February 1994
Volume 35, Issue 2
Free
Articles  |   February 1994
Lactate transport in freshly isolated human fetal retinal pigment epithelium.
Author Affiliations
  • M la Cour
    Institute for Medical Physiology, University of Copenhagen, Denmark.
  • H Lin
    Institute for Medical Physiology, University of Copenhagen, Denmark.
  • E Kenyon
    Institute for Medical Physiology, University of Copenhagen, Denmark.
  • S S Miller
    Institute for Medical Physiology, University of Copenhagen, Denmark.
Investigative Ophthalmology & Visual Science February 1994, Vol.35, 434-442. doi:
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    • Get Citation

      M la Cour, H Lin, E Kenyon, S S Miller; Lactate transport in freshly isolated human fetal retinal pigment epithelium.. Invest. Ophthalmol. Vis. Sci. 1994;35(2):434-442.

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Abstract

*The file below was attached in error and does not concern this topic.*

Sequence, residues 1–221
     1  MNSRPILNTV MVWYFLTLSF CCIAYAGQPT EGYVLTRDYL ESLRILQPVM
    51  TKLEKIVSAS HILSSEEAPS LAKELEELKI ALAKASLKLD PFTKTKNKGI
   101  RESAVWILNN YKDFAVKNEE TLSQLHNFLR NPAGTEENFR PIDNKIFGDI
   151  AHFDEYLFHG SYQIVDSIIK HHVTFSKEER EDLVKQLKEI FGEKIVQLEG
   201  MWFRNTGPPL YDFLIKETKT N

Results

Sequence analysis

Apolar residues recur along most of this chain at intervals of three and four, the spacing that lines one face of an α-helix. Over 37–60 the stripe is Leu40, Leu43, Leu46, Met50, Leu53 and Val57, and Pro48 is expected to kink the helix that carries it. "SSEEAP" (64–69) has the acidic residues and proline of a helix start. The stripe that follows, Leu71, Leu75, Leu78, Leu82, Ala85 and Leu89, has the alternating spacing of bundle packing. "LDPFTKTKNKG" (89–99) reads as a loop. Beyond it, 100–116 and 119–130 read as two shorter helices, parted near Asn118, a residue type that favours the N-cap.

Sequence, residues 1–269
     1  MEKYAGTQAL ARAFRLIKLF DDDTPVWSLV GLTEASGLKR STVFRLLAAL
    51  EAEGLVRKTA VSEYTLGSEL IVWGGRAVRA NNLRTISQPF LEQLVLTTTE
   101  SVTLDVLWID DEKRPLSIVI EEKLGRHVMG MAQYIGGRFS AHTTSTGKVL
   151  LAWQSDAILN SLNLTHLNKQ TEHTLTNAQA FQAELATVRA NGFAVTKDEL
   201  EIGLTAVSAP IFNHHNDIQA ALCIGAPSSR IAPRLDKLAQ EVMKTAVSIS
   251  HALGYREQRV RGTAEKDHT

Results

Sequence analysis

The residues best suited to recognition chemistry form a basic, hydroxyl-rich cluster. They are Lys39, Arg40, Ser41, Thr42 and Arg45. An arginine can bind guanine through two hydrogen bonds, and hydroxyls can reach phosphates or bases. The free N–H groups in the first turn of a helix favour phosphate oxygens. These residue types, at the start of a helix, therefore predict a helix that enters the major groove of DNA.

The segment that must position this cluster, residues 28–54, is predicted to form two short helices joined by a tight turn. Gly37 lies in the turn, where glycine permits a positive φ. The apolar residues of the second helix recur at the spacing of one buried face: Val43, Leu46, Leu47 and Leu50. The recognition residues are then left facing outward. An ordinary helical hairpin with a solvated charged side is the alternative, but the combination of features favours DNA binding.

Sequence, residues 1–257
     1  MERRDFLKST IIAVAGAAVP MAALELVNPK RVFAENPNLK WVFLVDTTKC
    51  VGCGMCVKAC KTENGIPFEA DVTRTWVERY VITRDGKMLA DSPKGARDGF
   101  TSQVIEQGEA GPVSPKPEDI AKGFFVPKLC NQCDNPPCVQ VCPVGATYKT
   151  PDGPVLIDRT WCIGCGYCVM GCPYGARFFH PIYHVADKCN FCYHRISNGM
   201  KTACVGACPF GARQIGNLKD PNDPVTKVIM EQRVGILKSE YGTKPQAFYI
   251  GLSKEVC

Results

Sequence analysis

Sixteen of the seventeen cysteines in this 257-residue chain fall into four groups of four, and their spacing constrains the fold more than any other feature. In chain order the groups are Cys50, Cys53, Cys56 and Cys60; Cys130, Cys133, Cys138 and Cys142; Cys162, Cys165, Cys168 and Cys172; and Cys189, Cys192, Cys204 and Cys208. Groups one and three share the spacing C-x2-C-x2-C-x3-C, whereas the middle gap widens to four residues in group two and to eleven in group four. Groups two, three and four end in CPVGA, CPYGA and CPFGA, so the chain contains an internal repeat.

PURPOSE: To study transport mechanisms for small monocarboxylic acids in the apical and basolateral membranes of freshly isolated, human fetal retinal pigment epithelium. METHODS: The epithelium was mounted in a small Ussing chamber that allowed separate perfusion of both the apical and basal compartments and simultaneous measurements of intracellular pH, transepithelial potential, and tissue resistance. Intracellular pH was measured using a pH-sensitive dye, 2',7'-bis(2-carboxyethyl)-5,6-carboxyfluorescein. RESULTS: When 10-100 mM lactate or pyruvate was added to the apical bath the cells acidified by 0.10-0.25 pH units. There were no differences between the initial rates of intracellular acidification produced by L-lactate and D-lactate. These rates could be described as Michaelis-Menten functions of the concentrations of lactate and pyruvate. The Km values were 42 +/- 12 mM for L-lactate and 34 +/- 8 mM for pyruvate. The rates of acidification caused by 50 mM L-lactate were reversibly reduced by 44% or 35% after apical administration of probenecid (2 mM) or alpha-cyano-4-hydroxycinnamate (2 mM), and irreversibly reduced by 78% after apical administration of the sulfhydryl-reagent mersalyl acid (2 mM). The intracellular acidifications caused by apical pyruvate (50 mM) were completely and reversibly inhibited by 50 mM apical L-lactate. Addition of 50 to 100 mM lactate to the basal bath caused intracellular alkalinizations, which could be inhibited by Na+ removal in the basal bath or by 2 mM alpha-cyano-4-hydroxycinnamate in the apical bath.

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